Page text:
Net Neutrality Friday

There are a couple of terms that are floating around in the IT and Communications space and I want to give some background around them and then talk about how they might impact consumers and businesses. These terms are Network Function Virtualization (NFV) and Software Defined Networks (SDN). I will start off by talking about NFV. In a lot of ways, this is the way many things work today including many websites. The notion is that computing is so fast now that you can run products on all of or part of a standard x86 based server. The IT world has been doing this for some time and not only can you find all kinds of software products that work that way but many things that used to be called "appliances". The term appliance in this case means a box dedicated to a specific function like a Firewall or a Load Balancer. If you go back 10 years, you would find IT departments loaded with toms of single function boxes that did dedicated jobs of one sort or another. But if you opened up many of these boxes, you would have found that they were actually just running on a computer. So two things happened. Customers and vendors worked at separating the hardware and software so that the customer could operate the software on any appropriate hardware. Thus, if the customer had spare computers they could just put them back into service to do something new. On top of that, there was the development of a middle layer of software to put between the hardware and software. This middle layer allows the computer hardware to be shared between multiple programs. This turned out to be so useful people use this middle software to allow applications to be "moved around" or "turned up" on all kinds of different computers. It gave IT teams all kinds of flexibility in performance, location and quantity of functions. So, communications companies want that same capability for various network functions (Thus it is called NFV). It is not greatly different than what the IT companies have been doing and continue to do. Separate the hardware and software. Allow the creation of new network functions by software on an as needed basis.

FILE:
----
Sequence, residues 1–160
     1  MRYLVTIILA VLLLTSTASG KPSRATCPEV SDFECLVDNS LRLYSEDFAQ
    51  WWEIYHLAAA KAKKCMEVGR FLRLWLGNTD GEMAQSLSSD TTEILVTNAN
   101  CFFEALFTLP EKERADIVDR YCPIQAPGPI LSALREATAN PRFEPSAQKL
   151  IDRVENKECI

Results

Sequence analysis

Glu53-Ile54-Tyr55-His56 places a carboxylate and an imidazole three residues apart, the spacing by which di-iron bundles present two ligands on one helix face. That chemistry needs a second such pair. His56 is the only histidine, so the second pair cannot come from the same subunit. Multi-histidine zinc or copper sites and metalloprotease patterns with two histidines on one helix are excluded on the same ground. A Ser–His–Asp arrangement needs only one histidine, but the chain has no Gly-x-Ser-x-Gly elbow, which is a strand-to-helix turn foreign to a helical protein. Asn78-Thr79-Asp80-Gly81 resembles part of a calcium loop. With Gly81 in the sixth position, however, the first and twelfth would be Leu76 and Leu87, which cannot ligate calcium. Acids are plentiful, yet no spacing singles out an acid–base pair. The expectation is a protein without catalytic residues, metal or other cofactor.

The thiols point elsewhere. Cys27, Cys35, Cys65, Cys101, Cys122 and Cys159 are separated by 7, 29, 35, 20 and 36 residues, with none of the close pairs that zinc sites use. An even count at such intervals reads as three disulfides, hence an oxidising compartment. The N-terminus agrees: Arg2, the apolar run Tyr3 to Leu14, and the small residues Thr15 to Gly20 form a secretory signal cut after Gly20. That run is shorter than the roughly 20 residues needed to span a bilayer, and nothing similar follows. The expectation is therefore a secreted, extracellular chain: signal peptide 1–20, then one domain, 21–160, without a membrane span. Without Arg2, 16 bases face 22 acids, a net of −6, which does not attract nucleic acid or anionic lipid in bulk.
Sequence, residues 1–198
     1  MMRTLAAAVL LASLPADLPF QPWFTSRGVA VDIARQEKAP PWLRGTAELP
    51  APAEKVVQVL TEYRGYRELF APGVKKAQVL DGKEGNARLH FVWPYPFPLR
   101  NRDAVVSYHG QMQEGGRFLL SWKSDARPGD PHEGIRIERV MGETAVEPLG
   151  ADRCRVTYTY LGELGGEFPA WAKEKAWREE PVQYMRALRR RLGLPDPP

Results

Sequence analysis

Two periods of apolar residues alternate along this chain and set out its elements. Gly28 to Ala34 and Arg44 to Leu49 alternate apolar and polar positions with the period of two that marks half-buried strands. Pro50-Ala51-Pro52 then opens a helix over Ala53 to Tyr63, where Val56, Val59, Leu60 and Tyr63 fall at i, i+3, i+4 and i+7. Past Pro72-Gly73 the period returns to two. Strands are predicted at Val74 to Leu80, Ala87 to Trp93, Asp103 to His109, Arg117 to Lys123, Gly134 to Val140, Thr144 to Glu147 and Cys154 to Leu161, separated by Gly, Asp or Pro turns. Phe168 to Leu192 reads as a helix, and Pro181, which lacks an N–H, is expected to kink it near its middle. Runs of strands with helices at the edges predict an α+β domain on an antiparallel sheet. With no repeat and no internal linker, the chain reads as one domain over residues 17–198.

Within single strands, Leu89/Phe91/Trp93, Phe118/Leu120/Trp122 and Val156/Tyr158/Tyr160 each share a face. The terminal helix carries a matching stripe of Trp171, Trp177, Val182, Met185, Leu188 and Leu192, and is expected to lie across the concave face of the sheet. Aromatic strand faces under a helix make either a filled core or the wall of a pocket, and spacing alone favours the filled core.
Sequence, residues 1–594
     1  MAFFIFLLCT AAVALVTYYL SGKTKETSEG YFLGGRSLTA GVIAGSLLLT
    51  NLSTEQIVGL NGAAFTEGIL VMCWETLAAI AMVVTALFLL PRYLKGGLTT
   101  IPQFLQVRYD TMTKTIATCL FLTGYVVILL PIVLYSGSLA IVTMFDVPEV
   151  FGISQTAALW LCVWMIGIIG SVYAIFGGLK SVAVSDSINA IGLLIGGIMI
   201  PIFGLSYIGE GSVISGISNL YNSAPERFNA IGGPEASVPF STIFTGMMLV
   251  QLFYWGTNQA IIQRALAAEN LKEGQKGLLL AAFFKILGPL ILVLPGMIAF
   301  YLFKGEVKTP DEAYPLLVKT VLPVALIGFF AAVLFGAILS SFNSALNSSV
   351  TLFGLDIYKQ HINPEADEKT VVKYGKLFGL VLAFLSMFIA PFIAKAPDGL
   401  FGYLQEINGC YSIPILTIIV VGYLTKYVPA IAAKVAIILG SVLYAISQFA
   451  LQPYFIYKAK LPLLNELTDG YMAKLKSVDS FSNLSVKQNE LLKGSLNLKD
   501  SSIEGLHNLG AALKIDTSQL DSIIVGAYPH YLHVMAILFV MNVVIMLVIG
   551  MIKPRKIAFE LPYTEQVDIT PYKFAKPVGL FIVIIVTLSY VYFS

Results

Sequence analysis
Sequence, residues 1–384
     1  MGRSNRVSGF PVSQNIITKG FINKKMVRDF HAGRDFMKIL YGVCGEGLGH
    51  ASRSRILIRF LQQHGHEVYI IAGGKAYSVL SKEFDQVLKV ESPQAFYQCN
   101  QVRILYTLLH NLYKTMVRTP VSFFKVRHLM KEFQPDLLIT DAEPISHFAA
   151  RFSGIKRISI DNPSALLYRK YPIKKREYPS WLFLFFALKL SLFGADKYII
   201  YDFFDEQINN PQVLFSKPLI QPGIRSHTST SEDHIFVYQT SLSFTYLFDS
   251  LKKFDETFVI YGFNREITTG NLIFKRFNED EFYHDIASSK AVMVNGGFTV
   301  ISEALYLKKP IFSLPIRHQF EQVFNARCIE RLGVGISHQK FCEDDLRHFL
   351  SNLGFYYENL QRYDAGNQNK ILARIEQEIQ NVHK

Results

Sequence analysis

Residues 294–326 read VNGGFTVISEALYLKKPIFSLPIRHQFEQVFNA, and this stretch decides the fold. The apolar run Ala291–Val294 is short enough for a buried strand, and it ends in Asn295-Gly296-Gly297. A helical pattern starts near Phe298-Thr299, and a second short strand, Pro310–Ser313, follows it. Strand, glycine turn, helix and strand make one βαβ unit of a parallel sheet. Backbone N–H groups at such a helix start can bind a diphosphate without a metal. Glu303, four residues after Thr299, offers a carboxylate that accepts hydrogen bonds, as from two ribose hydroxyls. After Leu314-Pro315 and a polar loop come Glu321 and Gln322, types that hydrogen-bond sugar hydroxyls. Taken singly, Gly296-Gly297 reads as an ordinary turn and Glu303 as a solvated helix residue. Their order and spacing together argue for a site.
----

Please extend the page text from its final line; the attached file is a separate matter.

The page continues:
SDN is a little less complex but more confounding. The Internet today is primarily a distributed control system. Each system makes its own decisions. There are boundaries to this and not every router in the Internet can make every decision. But recall that the entire reason that the Internet exists was to replace the central control of the telephone network. DARPA was worried that a central control could be nuked (literally) and they hoped that the Internet would continue to work even after an nuclear exchange. Well, having a distributed control system makes some kinds of services much more complicated. So SDN is a way of at least organizing a more centralized control scheme and be able to adapt to network conditions - like network functions appearing and disappearing (see NFV). The reason that it is confounding is it will be interesting to see how much of this is opened to businesses to use versus will remain inside the ISP. There are large security issues in opening up things. Hackers could disrupt all kinds of other customers if things are not done extremely well.

So not much of this is going to be directly visible to consumers. What is likely to happen is that some businesses will be able to build their services out more efficiently with this new technology. That should keep prices down and may allow for some new innovations. But it is possible that this is another set of buzzwords in the hypecycle.

Have a great weekend! Jim Sackman Focal Point Business Coaching Business Coaching, Executive Training, Sales Training, Marketing

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